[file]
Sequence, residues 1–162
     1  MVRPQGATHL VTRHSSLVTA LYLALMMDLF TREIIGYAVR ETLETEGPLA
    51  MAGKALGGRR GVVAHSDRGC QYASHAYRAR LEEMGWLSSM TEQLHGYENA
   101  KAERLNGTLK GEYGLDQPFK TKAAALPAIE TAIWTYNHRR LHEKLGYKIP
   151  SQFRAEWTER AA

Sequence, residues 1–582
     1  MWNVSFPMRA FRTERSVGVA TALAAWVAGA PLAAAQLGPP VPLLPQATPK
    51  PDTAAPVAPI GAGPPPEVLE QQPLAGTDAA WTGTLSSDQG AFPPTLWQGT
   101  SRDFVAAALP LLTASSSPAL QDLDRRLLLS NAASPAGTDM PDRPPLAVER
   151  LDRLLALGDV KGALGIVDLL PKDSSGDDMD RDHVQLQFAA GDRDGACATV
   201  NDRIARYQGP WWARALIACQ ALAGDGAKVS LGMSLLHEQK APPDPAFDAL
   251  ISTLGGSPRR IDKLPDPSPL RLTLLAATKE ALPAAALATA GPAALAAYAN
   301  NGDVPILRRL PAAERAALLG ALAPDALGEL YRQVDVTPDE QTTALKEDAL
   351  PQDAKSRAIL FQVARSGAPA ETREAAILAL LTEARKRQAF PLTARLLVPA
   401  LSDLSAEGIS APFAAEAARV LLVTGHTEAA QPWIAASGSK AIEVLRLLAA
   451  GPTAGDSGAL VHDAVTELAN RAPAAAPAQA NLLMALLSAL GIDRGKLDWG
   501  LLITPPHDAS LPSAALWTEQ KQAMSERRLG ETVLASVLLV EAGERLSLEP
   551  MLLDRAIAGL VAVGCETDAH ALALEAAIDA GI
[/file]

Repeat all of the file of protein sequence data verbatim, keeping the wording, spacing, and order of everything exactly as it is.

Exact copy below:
Sequence, residues 1–162
     1  MVRPQGATHL VTRHSSLVTA LYLALMMDLF TREIIGYAVR ETLETEGPLA
    51  MAGKALGGRR GVVAHSDRGC QYASHAYRAR LEEMGWLSSM TEQLHGYENA
   101  KAERLNGTLK GEYGLDQPFK TKAAALPAIE TAIWTYNHRR LHEKLGYKIP
   151  SQFRAEWTER AA

Sequence, residues 1–582
     1  MWNVSFPMRA FRTERSVGVA TALAAWVAGA PLAAAQLGPP VPLLPQATPK
    51  PDTAAPVAPI GAGPPPEVLE QQPLAGTDAA WTGTLSSDQG AFPPTLWQGT
   101  SRDFVAAALP LLTASSSPAL QDLDRRLLLS NAASPAGTDM PDRPPLAVER
   151  LDRLLALGDV KGALGIVDLL PKDSSGDDMD RDHVQLQFAA GDRDGACATV
   201  NDRIARYQGP WWARALIACQ ALAGDGAKVS LGMSLLHEQK APPDPAFDAL
   251  ISTLGGSPRR IDKLPDPSPL RLTLLAATKE ALPAAALATA GPAALAAYAN
   301  NGDVPILRRL PAAERAALLG ALAPDALGEL YRQVDVTPDE QTTALKEDAL
   351  PQDAKSRAIL FQVARSGAPA ETREAAILAL LTEARKRQAF PLTARLLVPA
   401  LSDLSAEGIS APFAAEAARV LLVTGHTEAA QPWIAASGSK AIEVLRLLAA
   451  GPTAGDSGAL VHDAVTELAN RAPAAAPAQA NLLMALLSAL GIDRGKLDWG
   501  LLITPPHDAS LPSAALWTEQ KQAMSERRLG ETVLASVLLV EAGERLSLEP
   551  MLLDRAIAGL VAVGCETDAH ALALEAAIDA GI